Emily Crick, MPhil student, Swansea University
At different points in history, drug production, supply and use have all been presented as threats to human, national or international security. The international relations theory of securitization can be used as a way of explaining how and why the ‘drugs as a threat’ narrative holds so much power, even today. The UN drug control conventions clearly illustrate the ‘drugs as a threat’ discourse and more recently Russia has attempted to identify Afghan opium production as a threat to international security.
The Speech Acts
UN Single Convention, 1961, - “addiction to narcotic drugs constitutes a serious evil for the individual and is fraught with social and economic danger to mankind”
UN Convention Against Illicit Traffic in Narcotic Drugs and Psychotropic Substances, 1988 - “illicit production of, demand for, and traffic in [drugs] adversely affect[s] the economic, cultural and political foundations of society… [and ] links between illicit traffic and other related organized criminal activities… undermine the legitimate economies and threaten the stability, security and sovereignty of States”
Russia’s ‘Rainbow-2’ Plan, 2010 - “Raising through the UN Security Council the status of the problem of Afghan drug production to that of a threat to global peace and security”
Securitization is defined as a specific grammatical process that involves a ‘speech act’ whereby an issue is presented as an ‘existential threat’ to a designated ‘referent object’ and finally, ‘extraordinary measures’ are justified in order to combat this threat.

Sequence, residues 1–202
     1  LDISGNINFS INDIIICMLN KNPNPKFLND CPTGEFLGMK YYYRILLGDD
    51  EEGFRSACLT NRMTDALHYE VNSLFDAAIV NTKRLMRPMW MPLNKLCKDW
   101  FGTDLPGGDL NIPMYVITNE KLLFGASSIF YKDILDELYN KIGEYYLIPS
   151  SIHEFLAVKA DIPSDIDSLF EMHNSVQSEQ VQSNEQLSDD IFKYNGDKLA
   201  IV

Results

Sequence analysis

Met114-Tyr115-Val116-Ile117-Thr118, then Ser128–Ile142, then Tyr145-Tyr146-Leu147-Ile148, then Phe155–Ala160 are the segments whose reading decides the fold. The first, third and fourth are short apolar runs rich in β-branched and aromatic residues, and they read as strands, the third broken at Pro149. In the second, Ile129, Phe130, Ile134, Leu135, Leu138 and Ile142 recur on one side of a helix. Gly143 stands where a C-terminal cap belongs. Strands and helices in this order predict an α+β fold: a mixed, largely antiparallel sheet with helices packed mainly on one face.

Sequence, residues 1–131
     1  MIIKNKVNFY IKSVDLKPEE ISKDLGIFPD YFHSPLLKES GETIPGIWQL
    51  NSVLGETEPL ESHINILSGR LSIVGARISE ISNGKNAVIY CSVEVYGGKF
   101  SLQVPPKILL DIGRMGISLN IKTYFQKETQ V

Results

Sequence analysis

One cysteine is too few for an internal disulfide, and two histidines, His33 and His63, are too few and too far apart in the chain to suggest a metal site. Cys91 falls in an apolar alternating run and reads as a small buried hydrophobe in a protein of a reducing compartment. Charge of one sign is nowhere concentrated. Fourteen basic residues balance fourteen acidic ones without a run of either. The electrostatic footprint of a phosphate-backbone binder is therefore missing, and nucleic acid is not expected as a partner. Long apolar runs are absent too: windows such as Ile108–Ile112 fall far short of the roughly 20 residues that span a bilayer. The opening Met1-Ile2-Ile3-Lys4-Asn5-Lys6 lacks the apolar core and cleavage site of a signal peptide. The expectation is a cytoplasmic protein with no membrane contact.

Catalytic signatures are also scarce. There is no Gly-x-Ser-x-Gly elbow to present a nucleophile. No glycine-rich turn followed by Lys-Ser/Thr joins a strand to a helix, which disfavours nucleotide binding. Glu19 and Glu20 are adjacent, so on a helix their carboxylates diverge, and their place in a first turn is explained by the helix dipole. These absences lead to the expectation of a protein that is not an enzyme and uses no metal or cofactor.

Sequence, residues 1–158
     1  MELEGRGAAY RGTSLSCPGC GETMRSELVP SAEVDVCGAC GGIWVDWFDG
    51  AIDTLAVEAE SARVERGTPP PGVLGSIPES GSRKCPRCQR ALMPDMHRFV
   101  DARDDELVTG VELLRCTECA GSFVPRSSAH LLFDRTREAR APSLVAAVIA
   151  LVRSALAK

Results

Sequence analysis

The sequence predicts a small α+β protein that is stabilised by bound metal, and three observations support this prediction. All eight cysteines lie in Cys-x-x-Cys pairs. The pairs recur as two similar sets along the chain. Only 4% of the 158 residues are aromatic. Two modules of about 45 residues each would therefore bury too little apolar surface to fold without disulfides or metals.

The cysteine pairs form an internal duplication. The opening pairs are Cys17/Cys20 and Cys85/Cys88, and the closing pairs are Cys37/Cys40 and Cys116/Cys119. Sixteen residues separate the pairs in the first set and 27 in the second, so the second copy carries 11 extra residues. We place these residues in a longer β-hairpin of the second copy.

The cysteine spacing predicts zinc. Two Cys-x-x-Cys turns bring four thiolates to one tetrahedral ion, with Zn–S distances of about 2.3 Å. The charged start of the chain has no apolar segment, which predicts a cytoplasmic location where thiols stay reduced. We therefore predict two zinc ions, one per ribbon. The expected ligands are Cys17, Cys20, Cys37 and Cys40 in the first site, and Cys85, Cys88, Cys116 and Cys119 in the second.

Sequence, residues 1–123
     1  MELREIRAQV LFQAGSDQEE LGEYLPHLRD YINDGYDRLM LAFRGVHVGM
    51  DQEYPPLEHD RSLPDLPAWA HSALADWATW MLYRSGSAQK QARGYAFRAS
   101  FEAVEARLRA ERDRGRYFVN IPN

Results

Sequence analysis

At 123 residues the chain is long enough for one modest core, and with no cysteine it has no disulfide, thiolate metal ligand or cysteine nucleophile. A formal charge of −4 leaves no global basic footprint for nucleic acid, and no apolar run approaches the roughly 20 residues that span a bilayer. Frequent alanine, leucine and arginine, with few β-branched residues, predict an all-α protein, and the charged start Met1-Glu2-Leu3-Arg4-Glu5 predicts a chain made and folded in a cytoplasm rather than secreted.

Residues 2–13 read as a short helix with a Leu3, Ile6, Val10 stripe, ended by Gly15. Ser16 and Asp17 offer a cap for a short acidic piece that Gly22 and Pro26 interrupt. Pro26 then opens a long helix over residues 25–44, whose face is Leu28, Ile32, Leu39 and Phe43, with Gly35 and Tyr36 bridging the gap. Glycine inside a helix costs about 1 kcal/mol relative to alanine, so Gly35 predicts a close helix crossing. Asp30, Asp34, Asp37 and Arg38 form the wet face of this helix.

Of course, ‘extraordinary measures’ do not automatically have to equal war; they are more likely to result in a range of law enforcement activities. Though the UN drug control conventions allow national governments a certain degree of flexibility which accounts for the spectrum of policies that includes de-penalization (e.g. Portugal and the Netherlands), strict law enforcement (e.g. the USA) and the militarization of enforcement and eradication (e.g. Plan Colombia), all these policies can be seen as examples of the ‘extraordinary measures’ of global drug control.
Whilst the speech acts mentioned here are not the only examples of drugs having been securitized, they highlight the power of the ‘drugs as a threat’ narrative. Global prohibition consistently relies on the portrayal of drug users, drug producers and drug traffickers as the ‘existential threat’. Initially the threat was identified as drug use (Single Convention), however gradually drug trafficking organisations and then ‘narco-terrorists’ have become identified as the most dangerous threats to national and international security (the 1988 Convention and ‘Rainbow-2’).
Securitizations define which values and behaviours are acceptable, and which are not. In the case of global drug policy it sets out which drugs are acceptable (alcohol and tobacco) and which are not (e.g. coca/cocaine, opiates and cannabis).
The securitization of an issue can create ‘Frankenstein’s Monster’ in that it is no longer subject to the scrutiny of normal policy making because it has been framed either as ‘security politics’ or as above politics. In some cases the ‘emergency measures’ themselves create severe ‘unintended consequences’, nowhere is this more evident than with global prohibition (Costa, 2008). The idea of ‘Frankenstein’s Monster’ partly explains the ‘bureaucratic inertia’ that has characterised the regime and reinforces the argument that political and security professionals portray themselves as managers of security in order to compete for budgets, develop technologies, and justify their own authority. Furthermore, once the monster has been created, limiting or challenging it becomes extremely difficult.
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